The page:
I took the stray to the vet, hoping to patch him up.  After shots and X-rays, the vet discovered the cat had a cracked pelvis.  I posted notices, hoping someone would claim the cat or adopt him.

Meanwhile, the response at home was swift and firm: No more cats!  Dad insisted I take the cat to the Humane Society immediately.  I protested that the cat would be put to sleep.  Luckily, my mother intervened.  She agreed the injury would make the cat unadoptable, so we would keep him long enough for his hip to heal.  Then he would have to go – no arguments.

Oscar must have somehow understood his situation.  He seemed to study the other two cats and their interactions with my father.  We suspect he bribed Tanner, our golden retriever, with table scraps in exchange for etiquette lessons.  When the other cats were aloof, Oscar was attentive.  He came when his name was called, and he would roll over on his back to have his belly scratched.  As his injury began to heal, he would jump on the ottoman by my father’s favorite chair, and, eventually, into his lap.  Initially, Dad pushed Oscar away, but persistence paid off.  Soon, Oscar and a muttering Dad shared the chair.

At mealtimes, Oscar would come to sit with us.  Positioned on the floor by my father’s chair, every so often Oscar would reach up with one paw and tap Dad on the knee.  At first, this provoked great irritation and colorful expletives expressed in harsh tones.  Oscar, however, refused to be put off.  Repetitive knee-taps soon led to semi-covert handouts of choice morsels.

Oscar greeted my father at the top of the stairs every morning and waited for him at the door every evening.  My father sometimes ignored Oscar, and, at other times, stepped over him, complaining the whole time.  Oscar mastered opening doors by sticking his paw underneath the door and rocking it back and forth until it opened.  Soon, he was sleeping in the master bedroom at the foot of the bed.  My father was completely disgusted, but couldn’t stop the cat from sneaking onto the bed while they were sleeping.  Eventually, Dad gave up.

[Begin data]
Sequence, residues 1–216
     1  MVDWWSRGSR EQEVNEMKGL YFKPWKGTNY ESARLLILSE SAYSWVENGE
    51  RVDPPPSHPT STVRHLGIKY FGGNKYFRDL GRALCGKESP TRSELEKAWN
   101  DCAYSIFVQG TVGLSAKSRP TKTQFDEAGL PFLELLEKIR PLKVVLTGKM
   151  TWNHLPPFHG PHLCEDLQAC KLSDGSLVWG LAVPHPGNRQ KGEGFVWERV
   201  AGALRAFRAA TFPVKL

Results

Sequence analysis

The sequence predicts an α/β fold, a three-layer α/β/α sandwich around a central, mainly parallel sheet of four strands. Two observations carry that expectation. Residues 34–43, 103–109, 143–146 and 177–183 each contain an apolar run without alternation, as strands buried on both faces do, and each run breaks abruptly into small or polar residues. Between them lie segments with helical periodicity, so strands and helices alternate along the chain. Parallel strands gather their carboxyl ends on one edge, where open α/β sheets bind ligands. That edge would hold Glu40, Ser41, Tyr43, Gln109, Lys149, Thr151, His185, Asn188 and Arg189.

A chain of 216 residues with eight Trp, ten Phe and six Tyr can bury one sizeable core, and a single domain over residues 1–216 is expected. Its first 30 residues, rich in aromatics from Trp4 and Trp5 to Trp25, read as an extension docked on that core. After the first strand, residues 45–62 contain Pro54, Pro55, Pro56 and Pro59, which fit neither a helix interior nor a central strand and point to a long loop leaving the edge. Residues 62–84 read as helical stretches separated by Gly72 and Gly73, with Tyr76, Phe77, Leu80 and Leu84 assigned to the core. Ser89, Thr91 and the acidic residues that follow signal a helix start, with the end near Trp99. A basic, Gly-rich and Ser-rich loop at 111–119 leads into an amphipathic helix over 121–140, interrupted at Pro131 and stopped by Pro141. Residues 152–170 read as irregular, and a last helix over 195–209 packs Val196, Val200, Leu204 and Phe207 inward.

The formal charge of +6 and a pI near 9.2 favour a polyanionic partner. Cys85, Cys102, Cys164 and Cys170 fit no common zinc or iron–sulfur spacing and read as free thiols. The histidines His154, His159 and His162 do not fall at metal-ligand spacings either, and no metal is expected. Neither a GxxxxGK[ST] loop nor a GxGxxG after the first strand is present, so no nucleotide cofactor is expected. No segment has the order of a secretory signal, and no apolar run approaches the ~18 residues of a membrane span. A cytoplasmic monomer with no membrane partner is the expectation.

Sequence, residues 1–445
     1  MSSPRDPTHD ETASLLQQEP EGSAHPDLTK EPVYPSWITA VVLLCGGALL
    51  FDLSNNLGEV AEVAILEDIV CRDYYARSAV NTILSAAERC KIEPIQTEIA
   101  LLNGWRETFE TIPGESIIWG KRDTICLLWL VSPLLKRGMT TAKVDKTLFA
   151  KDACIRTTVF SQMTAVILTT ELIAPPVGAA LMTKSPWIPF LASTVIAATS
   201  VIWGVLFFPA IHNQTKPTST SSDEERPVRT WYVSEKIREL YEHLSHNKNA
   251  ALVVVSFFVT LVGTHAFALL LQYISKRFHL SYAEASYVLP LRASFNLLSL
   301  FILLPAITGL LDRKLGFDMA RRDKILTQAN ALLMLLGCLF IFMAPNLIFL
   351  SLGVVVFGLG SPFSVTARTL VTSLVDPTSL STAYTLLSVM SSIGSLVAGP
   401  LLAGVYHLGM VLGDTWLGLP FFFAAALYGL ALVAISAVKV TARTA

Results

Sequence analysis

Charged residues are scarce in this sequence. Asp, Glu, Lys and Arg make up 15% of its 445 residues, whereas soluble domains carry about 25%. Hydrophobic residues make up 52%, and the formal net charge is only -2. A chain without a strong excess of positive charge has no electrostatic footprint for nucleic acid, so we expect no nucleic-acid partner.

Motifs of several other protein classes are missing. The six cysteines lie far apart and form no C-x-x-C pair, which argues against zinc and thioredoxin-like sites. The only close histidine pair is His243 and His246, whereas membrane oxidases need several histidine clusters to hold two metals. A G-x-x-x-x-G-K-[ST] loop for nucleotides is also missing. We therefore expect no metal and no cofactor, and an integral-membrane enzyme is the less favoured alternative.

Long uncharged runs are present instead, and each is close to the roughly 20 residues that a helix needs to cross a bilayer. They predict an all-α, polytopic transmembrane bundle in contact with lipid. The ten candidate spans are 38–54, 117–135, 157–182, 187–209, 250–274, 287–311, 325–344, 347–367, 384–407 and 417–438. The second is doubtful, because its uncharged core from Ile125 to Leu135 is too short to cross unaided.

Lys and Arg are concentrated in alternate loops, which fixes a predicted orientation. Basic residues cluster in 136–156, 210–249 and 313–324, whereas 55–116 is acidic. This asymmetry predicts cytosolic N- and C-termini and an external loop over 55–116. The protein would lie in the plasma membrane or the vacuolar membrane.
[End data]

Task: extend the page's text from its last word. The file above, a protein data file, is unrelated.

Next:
Before long, Oscar, aspiring to his own place at the table during meals, began jumping up into my lap.  He was allowed to stay as long as his head remained below table level.  Of course, an occasional paw would appear as a reminder of his presence.

Three months passed, and the vet pronounced Oscar healthy and healed.  I was heartbroken.  How could I take this loving soul away from what had become his home, from the people he trusted?  Sick at heart, I brought Oscar home and told my parents what should have been good news: Oscar was a healthy cat with a healed hip.  “I’ll take him to the Humane Society like I promised,” I said dully.

As I turned to put Oscar in the carrier for the trip, my father spoke, uttering three magic words: “Not my cat!”

Oscar is home to stay.  He now has his own chair at the table and sleeps – where else? – in the master bedroom between my mother and father.  He is their official “grand-kitten” and living proof that deep within the most unlikely heart, there is a cat lover in all of us.

By Kathleen Kennedy